Beauty Broadcast Video Series
WATCH – Colour revival: What can we expect from make-up recovery post-pandemic?
Just a few years ago, the make-up category was thriving in Asia Pacific, where millions of people in markets like China, Indonesia and India were picking up new skills from platforms like Instagram and YouTube and eager to try them on themselves.
When it became the norm to stay indoors and wear a protective face mask out, the need for make-up decreased dramatically and the rapid acceleration of category took a nosedive.
Experts like Nicole Fall of Asian Consumer Intelligence were quick to predict that the category was in for some tough times during the pandemic.
“As we were going into lockdown, I was actually asked what my predictions for the beauty category were for the pandemic… and my answer then was forget cosmetics, no one is going to be interested in putting on a full face of make-up when they're working from home.”
Rather than a necessity, Fall believes the act of putting on make-up has become a feel-good activity, fuelled by social media platforms like TikTok and YouTube.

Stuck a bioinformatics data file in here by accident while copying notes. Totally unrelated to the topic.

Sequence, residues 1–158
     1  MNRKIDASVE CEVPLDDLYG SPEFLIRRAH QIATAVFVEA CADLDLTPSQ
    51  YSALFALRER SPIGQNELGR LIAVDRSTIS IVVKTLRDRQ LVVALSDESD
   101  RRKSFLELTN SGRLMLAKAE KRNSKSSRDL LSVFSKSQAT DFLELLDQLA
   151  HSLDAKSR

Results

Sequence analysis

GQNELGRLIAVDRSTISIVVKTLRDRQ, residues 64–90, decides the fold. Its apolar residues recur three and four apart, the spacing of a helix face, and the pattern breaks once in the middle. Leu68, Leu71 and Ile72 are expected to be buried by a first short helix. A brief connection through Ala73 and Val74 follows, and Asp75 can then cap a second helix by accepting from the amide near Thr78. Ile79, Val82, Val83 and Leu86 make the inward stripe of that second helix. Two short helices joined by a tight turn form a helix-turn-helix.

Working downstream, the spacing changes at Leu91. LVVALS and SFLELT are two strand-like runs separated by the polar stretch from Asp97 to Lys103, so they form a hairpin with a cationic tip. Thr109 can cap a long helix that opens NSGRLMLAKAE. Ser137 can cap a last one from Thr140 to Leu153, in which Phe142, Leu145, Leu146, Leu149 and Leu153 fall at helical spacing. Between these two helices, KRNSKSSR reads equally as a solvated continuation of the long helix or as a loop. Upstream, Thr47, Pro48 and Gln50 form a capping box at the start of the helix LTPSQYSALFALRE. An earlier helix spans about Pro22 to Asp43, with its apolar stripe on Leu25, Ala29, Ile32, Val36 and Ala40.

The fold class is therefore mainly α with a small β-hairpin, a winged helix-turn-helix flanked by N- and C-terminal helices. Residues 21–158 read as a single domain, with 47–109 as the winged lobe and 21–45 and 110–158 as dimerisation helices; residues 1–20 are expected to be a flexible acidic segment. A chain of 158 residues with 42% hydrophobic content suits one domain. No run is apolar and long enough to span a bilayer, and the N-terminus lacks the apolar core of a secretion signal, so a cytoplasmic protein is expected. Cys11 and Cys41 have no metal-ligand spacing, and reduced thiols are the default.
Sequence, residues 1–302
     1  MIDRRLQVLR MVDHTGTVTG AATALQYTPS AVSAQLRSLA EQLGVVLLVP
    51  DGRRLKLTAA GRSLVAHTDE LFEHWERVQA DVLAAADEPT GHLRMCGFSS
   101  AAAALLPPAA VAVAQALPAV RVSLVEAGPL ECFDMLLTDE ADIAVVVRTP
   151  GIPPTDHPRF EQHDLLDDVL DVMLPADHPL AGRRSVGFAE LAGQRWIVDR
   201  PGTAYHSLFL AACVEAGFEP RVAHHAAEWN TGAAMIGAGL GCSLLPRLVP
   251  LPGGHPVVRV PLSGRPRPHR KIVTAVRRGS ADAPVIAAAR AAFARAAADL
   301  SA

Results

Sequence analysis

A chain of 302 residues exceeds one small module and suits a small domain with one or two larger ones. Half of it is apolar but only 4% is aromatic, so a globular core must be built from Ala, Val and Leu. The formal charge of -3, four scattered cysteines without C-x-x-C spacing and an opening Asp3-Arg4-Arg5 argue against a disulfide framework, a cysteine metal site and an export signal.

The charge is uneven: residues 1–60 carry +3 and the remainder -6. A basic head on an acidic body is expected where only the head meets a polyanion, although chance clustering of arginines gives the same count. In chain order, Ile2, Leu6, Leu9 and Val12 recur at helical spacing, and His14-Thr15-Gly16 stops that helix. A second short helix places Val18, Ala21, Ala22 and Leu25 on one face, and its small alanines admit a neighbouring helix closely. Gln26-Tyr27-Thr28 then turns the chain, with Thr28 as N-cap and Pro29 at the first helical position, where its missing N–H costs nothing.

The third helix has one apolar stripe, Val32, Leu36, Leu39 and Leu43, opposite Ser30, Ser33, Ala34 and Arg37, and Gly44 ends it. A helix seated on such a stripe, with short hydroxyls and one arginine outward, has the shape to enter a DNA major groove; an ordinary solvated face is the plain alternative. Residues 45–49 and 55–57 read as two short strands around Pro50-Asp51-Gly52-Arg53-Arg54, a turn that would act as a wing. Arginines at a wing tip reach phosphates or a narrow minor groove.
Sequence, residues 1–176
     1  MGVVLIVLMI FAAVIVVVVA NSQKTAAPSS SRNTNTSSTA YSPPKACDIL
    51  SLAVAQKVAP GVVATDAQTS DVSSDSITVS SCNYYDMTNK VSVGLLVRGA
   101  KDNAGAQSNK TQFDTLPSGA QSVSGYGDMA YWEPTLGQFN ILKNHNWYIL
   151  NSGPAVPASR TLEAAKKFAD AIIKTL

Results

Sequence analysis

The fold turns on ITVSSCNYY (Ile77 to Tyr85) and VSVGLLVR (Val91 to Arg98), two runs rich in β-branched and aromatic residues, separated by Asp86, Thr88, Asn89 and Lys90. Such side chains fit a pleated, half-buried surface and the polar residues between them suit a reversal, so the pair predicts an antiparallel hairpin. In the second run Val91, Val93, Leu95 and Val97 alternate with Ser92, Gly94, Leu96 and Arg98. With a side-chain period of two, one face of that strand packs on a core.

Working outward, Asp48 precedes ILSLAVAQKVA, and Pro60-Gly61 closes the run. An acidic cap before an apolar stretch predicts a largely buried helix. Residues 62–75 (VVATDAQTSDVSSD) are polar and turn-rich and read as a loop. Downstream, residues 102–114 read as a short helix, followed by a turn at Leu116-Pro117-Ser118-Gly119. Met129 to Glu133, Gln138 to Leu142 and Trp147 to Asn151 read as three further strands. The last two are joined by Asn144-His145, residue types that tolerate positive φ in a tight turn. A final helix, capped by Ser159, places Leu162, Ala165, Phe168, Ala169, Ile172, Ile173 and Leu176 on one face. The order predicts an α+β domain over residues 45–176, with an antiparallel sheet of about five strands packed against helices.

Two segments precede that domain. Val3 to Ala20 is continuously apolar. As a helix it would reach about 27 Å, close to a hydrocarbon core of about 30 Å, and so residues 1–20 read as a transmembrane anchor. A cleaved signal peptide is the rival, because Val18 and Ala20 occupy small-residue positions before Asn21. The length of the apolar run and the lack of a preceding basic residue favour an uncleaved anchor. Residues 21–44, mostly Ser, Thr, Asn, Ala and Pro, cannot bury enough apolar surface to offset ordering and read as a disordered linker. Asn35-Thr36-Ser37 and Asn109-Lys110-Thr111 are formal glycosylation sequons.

“What we're going to see more going forward is the power of education with millions of passionate people who love the artistry and creativity of playing with make-up. When we interview consumers, particularly in beauty, something that we really see… people in Northeast Asia will routinely put aside a couple of hours a week to play with make-up, and experiment. And so, it becomes like a sport or a hobby.”
Remarkably, SUGAR Cosmetics, a primarily make-up brand based in India has seen its sales return to pre-COVID-19 levels in the latter part of 2020 despite experiencing harsh lockdowns in the first quarter.
“The first quarter when COVID-19 actually hit us. In April, May and June, we had the harshest lockdown in the world. So, all categories, even categories that were faster to rebound, like personal care and food, took a nosedive to almost zero. For us, the year started with an almost zero quarter,” recalled Vineeta Singh, CEO of SUGAR Cosmetics.
The company has since made a full recovery thanks to the peak wedding and festive season beginning in October, a feat it credits to its strong portfolio of transfer-proof make-up.
“Because masks are here to stay, we're very excited about what this means for a brand like us that's always been focused on this USP of a product,” said Singh.
Singh told us the company was working on an international expansion this year as it believes the category still holds a lot of room for growth, especially in the APAC region.
To find out more, check out the video above.